There aren't many things more frustrating than an air conditioning that refuses to run. A hot, muggy home can make your space incredibly uncomfortable, which is why I have always focused on maintaining my air conditioning system. Unfortunately, I still run into problems from time to time and I am sure that all of you do, which is one of the reasons I decided to build this website. Check out these posts for more information about keeping your system working beautifully, even if you aren't naturally good at fixing things. You never know, making the right changes could dramatically improve your summertime experience.
More and more people are becoming concerned about the rising costs of heating and cooling, especially those who own office buildings and other commercial properties. The good news is that, thanks to recent technological innovations, it is more than possible to maintain--or even lower--your HVAC costs. If you would like to learn more about maximizing your HVAC efficiency, read on. This article will discuss three incredible features of so-called smart HVAC technology.
Smart HVAC utilizes technological innovations to automatically adjust and optimize heating and cooling in your building. At the heart of an HVAC system is a sophisticated computer, capable of making independent alterations to various settings. Yet in order to perform these adjustments, the computer relies on a series of sensors to supply it with real-time data about the conditions in your building.
As you can probably guess, thermal sensors are used to supply information about the temperature in your building. This information tells the computer when it needs to turn the furnace or air conditioner on or off. However, unlike traditional thermostats, a smart HVAC system doesn't just have one temperature sensor. Rather it utilizes a number of different sensors, each one tied to a particular zone of your building.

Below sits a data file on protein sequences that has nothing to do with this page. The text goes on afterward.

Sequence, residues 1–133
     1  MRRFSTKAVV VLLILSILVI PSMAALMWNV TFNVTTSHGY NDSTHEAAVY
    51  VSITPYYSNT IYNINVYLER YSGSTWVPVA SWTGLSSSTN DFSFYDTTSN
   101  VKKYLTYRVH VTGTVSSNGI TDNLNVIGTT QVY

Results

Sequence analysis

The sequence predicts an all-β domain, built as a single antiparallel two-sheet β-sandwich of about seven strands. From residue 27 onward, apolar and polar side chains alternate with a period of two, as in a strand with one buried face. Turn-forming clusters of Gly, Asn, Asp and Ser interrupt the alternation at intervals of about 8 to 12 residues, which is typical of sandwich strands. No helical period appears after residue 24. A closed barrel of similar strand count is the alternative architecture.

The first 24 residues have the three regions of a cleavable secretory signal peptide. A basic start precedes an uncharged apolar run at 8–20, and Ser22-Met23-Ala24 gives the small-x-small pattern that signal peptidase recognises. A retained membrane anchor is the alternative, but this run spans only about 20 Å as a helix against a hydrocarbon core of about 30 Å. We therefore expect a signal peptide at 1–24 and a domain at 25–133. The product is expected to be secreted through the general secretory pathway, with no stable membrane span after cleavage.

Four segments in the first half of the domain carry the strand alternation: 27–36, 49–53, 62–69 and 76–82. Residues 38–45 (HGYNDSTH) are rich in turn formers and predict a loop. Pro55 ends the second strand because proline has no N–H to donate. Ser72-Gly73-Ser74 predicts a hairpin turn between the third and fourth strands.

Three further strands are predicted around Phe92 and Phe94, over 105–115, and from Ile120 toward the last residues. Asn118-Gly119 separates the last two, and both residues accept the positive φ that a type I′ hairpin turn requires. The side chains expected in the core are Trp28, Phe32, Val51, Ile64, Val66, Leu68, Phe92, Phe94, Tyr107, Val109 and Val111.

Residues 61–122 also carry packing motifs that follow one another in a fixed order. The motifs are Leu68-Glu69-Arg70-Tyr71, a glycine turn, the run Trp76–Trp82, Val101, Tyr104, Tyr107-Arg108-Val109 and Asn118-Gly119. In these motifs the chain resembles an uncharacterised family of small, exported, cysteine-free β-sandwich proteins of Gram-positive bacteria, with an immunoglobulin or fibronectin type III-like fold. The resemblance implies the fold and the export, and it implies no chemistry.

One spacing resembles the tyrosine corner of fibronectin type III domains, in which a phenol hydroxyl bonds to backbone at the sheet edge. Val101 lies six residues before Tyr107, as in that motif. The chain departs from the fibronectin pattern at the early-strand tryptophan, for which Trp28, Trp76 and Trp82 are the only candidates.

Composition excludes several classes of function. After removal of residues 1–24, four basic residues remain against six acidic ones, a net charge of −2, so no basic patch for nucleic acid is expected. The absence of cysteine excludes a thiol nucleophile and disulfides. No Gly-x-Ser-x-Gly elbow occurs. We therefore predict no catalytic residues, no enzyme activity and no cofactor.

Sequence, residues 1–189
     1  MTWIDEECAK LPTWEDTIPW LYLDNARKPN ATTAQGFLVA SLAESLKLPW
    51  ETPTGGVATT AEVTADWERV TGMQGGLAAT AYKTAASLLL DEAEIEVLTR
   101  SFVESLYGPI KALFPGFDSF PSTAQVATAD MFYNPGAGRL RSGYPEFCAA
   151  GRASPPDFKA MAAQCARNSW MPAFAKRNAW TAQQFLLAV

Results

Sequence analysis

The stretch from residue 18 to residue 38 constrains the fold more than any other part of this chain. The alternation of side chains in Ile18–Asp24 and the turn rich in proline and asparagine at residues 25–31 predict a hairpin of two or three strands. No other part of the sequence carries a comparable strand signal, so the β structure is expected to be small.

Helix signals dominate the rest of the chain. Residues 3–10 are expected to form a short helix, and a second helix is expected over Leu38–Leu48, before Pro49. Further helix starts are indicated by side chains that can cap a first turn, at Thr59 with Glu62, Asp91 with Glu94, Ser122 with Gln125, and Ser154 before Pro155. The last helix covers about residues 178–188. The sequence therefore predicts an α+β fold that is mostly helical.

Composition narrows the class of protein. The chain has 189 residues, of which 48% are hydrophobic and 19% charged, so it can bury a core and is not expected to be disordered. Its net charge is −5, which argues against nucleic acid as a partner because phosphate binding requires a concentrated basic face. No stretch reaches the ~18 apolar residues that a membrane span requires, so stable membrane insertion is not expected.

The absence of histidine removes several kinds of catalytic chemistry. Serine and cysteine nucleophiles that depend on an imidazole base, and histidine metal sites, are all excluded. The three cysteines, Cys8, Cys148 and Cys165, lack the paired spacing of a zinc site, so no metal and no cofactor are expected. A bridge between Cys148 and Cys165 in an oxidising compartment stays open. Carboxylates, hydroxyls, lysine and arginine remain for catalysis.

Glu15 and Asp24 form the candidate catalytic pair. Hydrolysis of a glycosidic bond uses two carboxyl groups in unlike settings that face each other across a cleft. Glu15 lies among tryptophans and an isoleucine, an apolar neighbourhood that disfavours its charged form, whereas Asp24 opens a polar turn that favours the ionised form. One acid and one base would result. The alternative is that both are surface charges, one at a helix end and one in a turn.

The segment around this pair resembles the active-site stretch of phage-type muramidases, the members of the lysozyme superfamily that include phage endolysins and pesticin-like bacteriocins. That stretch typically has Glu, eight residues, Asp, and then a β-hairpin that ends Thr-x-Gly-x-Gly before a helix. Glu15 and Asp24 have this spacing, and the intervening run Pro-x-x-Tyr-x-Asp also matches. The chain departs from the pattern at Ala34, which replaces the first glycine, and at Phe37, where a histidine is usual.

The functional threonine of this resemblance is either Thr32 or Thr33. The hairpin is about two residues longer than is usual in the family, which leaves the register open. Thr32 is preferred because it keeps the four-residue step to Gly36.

This allows the computer to make appropriate changes for each zone. For instance, say that sunlight happens to be falling heavily on one side of the building, thus driving up the temperature. A smart HVAC system can increase the air conditioning in that particular zone, without altering the conditions in parts of the building free from the warming effects of direct sunlight.
Carbon Dioxide Sensors
Smart HVAC systems are capable of making sophisticated readings well outside the bounds of traditional systems. Nowhere is this more apparent than in their ability to measure carbon dioxide levels in different parts of a building. A recent study conducted at Harvard found that elevated carbon dioxide levels have a negative effect on both decision making and thinking. When carbon dioxide sensors detect such levels, a smart HVAC system can increase the amount of fresh air being supplied to those areas.
Thanks to the increased mobility of contemporary technology, today's workforce is not as tied to the office as in decades past. That means that building occupancy levels are not as predictable as they once were. A traditional HVAC system, unfortunately, is unable to tell whether a particular zone of a building has any occupants or not. As a result, much energy is wasted in heating and cooling empty areas.
A smart HVAC system utilizes occupancy sensors to avoid this problem. These sensors measure occupancy by means of motion detection cameras. When a particular part of the building remains without detectable motion for a certain amount of time, the system will automatically reduce the amount of heating or cooling energy being expended there.
For more HVAC information, contact a company like A Bailey Plumbing.